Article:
This novelette, so suggestive in its theme, appears to be at variance with other works by Rudyard Kipling. In his celebration of the troops and administrative staff of the British Empire and in his adventure stories, the author seems at first glance an unlikely candidate for the authorship of THE BRUSHWOOD BOY.

The tale does, however, contain some of Kipling’s special interests: the qualities of military leadership, the adventures of youth, and the commitment to the British way of life during the days of the Empire.

Essentially, THE BRUSHWOOD BOY is an intense, childlike fantasy based on the ambiguous device of a shared dream. It is never clear whether the children had shared experiences and fantasies in their young lives or only imagined they had. (This ambiguity at the end preserves Kipling from the merely supernatural.) Kipling’s device, however, is less interesting as “story” than as psychological examination.

In recent years, Kipling has come to be viewed more importantly as a thinker, or rather as the literary representative of a certain type of thought, than as a serious writer of fiction or verse. Although he wrote some memorable lines and phrases and created new rhythms in his poetry and although some of his books are still of great interest to children, Kipling’s heavy-handed treatments and moralizing have reduced his popularity.

THE BRUSHWOOD BOY is interesting, then, more for the psychological portrait of a military leader it offers, perhaps unintentionally, than for its plot or characterization. Georgie is an ideal leader of men, the type most admired by Kipling. A young man of the highest moral character yet able to relate to the most hard-bitten of his subordinates, he quickly rises in the military apparatus established by the British in India. He is loved and respected by his family, his commanders, and most of all, by his men.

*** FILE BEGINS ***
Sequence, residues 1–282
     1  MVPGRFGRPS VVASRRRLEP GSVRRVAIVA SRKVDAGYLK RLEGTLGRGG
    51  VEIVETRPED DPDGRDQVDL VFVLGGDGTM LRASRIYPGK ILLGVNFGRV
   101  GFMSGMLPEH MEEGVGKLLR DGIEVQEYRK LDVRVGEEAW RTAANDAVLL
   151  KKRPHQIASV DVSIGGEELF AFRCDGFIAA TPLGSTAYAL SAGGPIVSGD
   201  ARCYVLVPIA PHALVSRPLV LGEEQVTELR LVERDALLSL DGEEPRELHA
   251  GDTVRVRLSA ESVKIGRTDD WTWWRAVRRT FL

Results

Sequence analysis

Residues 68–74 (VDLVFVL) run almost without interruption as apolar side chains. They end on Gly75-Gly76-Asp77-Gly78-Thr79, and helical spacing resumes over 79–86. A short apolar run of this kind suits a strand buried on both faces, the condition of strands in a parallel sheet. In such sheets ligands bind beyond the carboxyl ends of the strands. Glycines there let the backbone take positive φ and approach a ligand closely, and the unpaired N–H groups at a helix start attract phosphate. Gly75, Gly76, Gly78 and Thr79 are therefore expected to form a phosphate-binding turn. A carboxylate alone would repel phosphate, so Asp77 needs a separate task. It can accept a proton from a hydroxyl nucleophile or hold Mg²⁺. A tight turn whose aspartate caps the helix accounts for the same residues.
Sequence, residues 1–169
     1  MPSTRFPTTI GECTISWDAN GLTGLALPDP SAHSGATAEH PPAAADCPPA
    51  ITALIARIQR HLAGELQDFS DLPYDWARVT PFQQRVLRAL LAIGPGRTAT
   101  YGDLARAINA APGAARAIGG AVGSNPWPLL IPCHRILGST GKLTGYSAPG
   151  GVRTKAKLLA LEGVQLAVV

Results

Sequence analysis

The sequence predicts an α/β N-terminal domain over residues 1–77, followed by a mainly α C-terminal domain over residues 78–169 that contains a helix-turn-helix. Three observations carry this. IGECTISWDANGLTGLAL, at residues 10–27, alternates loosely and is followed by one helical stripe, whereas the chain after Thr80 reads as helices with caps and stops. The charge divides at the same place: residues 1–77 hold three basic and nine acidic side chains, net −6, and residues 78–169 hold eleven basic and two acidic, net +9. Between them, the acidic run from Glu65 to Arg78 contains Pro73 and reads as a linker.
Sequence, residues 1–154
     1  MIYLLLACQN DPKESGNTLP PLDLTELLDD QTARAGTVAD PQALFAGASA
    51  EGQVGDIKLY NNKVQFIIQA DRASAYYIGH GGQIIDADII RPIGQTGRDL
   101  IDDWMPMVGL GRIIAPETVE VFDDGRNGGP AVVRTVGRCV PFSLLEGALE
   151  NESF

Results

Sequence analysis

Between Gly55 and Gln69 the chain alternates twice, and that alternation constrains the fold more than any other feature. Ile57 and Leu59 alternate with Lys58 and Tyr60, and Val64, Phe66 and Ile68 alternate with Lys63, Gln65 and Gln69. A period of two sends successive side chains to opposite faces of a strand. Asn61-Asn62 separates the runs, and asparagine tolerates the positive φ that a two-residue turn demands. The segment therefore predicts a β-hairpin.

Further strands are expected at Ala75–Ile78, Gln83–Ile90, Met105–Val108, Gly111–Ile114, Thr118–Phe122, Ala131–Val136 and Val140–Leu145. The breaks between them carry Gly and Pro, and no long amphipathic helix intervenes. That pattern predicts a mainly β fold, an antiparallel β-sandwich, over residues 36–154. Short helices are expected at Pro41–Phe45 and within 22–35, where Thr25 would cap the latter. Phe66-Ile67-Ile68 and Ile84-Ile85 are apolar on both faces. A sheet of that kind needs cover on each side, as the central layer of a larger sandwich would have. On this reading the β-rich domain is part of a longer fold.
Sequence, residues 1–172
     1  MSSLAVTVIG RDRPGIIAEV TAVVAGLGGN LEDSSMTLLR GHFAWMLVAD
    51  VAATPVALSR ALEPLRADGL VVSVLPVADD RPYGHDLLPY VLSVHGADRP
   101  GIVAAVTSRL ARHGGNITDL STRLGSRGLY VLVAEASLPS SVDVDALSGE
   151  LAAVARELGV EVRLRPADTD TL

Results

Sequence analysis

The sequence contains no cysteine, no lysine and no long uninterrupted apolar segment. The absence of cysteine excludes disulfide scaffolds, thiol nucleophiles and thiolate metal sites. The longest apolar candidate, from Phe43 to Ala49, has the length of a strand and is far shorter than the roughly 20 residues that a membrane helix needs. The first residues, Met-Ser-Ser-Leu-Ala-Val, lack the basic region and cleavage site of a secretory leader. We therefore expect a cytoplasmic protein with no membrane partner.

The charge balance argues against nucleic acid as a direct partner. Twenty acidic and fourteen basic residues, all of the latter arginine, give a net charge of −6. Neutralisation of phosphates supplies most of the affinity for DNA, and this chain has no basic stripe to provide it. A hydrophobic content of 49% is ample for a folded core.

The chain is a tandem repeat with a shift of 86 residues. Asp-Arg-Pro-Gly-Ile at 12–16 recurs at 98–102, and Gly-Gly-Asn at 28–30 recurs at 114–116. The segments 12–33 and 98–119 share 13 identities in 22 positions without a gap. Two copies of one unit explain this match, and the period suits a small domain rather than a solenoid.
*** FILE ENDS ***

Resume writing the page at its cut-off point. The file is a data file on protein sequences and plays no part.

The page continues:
What forms the central interest of THE BRUSHWOOD BOY, however, is Georgie’s continuing fantasies. These fantasies center around a pile of brushwood, which is a sort of imaginary touchstone; they consist of adventurous travels beyond the bounds of the known world and beyond the bounds of rules and regulations into a world of danger and irresponsible, malignant authority. (One of the recurring aspects of the dreams is a confrontation with an unfriendly policeman.) All these dream experiences contrast sharply with the external demeanor of such an exemplary soldier. In fact, THE BRUSHWOOD BOY appears to offer a sort of underground vision of the British imperial mentality or the mentality of its administrative stalwarts. Beneath the “stiff upper lip,” there is a residual, childlike world of wishes existing independently of the honor of Empire.

Kipling’s manner of narration, simple and full of wonder, is entirely appropriate for his subject. Though THE BRUSHWOOD BOY is not one of his better known works, its psychological insight into the functioning of a British “hero” of a bygone era remains interesting.